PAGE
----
Glenn Beck and Sean Hannity can inveigh against Saul Alinsky’s or Cloward and Piven’s revolutionary manual all they like.  The force that most frightens me, as a career academic, is the one I can’t see—the one that should be present in measurable quantities and, instead, shows up as statistical zero.  That force should be coming from the Right.  It’s not.  Like the designer of some diabolically brilliant computer virus, an elite few with incalculable influence have chosen at some previous stage of our cultural debacle to settle back, lace their fingers, and let the worm run through the system.  I can’t name a single one of them, and I can’t see their shadow… but I feel it, cold over my shoulder.  I wonder if they begin to comprehend what a deep place in Hell they’ve reserved for their souls by making this bid to “bail out” civilization?

Utopian-Fantasist Obtuseness: The UFO Crowd’s Strange Flirtation With the Left

I was commenting the other day (okay, I was tweeting: my son says it’s the only low-budget way to find an audience) about the premier episode of Ancient Aliens’ new season that aired on April 22.  It was dismaying that several regular commentators, like journalist Linda Moulton-Howe, were all but jumping into the tank for Hillary at the end of the episode.  If elected (went the narrative), Hillary would have gotten to the bottom of all the UFO secrecy; she would have demanded transparency of the Defense Department; she would have fired anyone who refused to pony up with complete disclosures, etc., etc.  Now, I can vividly imagine Hillary conducting bureaucratic purges: that would have happened even without the UFO issue.  I can also imagine her riding roughshod over sensitive security matters because she felt like it.  She has what they call a “proven track record” in that regard.  What I cannot imagine is her pressing a point from which Bill had previously backed off.  The Clinton who successfully pursued the presidency once confessed candidly (if semi-confidentially) to one of his buddies in the press that poking about the UFO issue could be very bad for his health.  He represented the response given to him by nameless career insiders as practically a threat on his life.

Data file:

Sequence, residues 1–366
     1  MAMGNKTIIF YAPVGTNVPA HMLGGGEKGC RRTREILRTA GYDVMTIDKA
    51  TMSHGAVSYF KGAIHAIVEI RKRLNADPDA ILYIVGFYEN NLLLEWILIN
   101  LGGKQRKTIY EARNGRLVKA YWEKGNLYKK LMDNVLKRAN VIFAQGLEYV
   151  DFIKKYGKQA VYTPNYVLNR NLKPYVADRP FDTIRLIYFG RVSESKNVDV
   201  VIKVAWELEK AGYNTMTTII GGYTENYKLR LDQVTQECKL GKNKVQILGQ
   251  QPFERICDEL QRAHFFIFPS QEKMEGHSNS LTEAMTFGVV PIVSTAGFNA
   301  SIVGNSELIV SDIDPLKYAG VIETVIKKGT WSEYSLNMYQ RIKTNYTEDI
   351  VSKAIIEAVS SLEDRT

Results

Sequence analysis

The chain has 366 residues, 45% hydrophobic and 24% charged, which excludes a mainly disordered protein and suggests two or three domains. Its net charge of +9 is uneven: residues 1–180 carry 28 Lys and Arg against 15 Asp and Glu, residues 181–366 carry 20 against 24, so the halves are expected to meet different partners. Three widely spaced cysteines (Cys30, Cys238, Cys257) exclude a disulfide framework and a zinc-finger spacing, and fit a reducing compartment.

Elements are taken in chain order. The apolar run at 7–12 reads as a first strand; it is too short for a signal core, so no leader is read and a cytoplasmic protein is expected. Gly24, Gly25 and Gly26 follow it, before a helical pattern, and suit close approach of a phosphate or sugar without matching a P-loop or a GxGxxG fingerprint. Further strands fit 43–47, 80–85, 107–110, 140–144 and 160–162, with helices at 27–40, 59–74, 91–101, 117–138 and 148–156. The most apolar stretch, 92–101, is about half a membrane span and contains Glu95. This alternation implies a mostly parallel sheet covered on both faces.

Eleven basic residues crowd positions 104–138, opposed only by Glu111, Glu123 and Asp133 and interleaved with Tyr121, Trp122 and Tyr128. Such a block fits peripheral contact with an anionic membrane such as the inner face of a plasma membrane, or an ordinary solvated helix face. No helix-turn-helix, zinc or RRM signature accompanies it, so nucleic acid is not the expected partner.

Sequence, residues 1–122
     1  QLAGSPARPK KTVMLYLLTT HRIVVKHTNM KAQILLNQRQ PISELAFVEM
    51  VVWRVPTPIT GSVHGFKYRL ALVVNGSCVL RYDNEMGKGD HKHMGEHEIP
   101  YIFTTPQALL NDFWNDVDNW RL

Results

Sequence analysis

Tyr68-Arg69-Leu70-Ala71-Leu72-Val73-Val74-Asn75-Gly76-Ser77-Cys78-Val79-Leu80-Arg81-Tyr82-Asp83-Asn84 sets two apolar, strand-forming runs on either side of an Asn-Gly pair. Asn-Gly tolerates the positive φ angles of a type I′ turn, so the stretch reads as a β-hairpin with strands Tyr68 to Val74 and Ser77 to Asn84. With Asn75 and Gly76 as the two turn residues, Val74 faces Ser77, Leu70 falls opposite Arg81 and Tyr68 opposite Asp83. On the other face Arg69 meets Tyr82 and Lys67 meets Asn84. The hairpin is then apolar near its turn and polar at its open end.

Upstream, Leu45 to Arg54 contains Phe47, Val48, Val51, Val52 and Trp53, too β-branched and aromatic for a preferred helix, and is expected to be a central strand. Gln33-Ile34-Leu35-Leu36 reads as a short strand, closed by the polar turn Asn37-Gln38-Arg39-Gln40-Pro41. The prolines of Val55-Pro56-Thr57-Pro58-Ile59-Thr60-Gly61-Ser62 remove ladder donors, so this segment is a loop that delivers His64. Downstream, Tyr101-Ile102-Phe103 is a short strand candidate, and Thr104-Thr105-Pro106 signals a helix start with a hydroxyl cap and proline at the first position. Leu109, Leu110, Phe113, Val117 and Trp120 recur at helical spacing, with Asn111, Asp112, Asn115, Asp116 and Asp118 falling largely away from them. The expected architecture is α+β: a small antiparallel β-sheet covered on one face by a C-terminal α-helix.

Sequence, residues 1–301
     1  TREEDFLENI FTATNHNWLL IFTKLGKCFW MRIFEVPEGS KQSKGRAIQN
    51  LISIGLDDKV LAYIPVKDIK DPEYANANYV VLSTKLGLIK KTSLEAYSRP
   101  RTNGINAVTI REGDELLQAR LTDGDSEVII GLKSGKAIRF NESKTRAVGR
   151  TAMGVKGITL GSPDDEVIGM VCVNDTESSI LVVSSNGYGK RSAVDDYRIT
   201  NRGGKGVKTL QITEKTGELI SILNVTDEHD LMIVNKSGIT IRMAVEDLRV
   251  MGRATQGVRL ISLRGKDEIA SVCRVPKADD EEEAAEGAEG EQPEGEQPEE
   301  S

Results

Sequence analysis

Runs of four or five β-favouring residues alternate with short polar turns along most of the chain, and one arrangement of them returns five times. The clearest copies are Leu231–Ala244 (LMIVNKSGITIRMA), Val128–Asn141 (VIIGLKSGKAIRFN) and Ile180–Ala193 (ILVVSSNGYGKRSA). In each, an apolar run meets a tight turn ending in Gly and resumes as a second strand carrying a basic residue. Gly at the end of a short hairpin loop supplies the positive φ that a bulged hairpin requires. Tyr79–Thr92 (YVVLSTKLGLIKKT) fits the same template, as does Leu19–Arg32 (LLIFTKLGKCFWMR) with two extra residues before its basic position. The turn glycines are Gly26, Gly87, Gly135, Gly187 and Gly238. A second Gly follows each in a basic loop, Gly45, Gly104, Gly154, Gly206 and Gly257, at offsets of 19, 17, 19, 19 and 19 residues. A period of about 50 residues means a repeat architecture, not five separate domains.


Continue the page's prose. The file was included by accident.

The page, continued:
It has been said that Hillary knows a thing or two about silencing inconvenient witnesses.  Whatever the truth of that, she most certainly would have known about the ominous wall of men in black that had terminated her husband’s country-fried snooping.  Hillary was playing the UFO-truther crowd for an easy endorsement.  John Podesta, no doubt, was playing Ancient Aliens for a bit of public exposure readily parlayed into speaking honoraria (for who remembers John Podesta these days?)… but Moulton-Howe should have known better.

Why didn’t she?  Why, indeed, does UFO-mania tend to lean so far leftward?  It shouldn’t, if a recurring theme is the abusive secrecy of big government.  Apparently, centralized authority is evil when it’s in the hands of the military-industrial complex; but when Tinker Bell utopians are promising to sprinkle stardust over every aspect of our private lives, the faintest libertarian tinge of resistance is abandoned.  Bestowing dictatorial powers upon a Beloved Leader so that he—or she—may cashier all the would-be dictators in uniform makes perfect sense to the Left.

But why, I repeat, do alien enthusiasts lean left?  I myself am pretty sure that our planet has been visited by extra-terrestrials—and that hasn’t made me want to book a flight to Cloudcuckooland.  In some members of this group, perhaps many or most, I perceive a disturbing tendency to cultic religion.  Everything in every ancient literary text is potentially a sign of “extra-terrestrial visitation”.  Zeus’s thunderbolt can’t be a sublime image coined out of primitive reverence for natural forces: it has to be an advanced technology that Stone Age minds didn’t comprehend.  Our history is also of no interest except as a reservoir of clues about ET activity.  How did the bubonic plague come to spread so rapidly and wipe out so many populations?  Must have been a bid on the part of hostile aliens to thin out our numbers.

This sort of thing reminds me for all the world of the m.o. I’ve seen working in academic feminism and Marxism for decades.  Are you given a novel to read from a few centuries ago?  Look for the woman or the peasant: there’s nothing else worth paying attention to.  If you can’t find either one… well, why are they being excluded?  Must be a conspiracy!  Are you presented with a historical period to study?  What’s going on with women at this time, or with the underclass?  Not much information on that?  Well, there wouldn’t be, would there?  Males and the upper classes have sought to airbrush all those significant details from the record for millennia.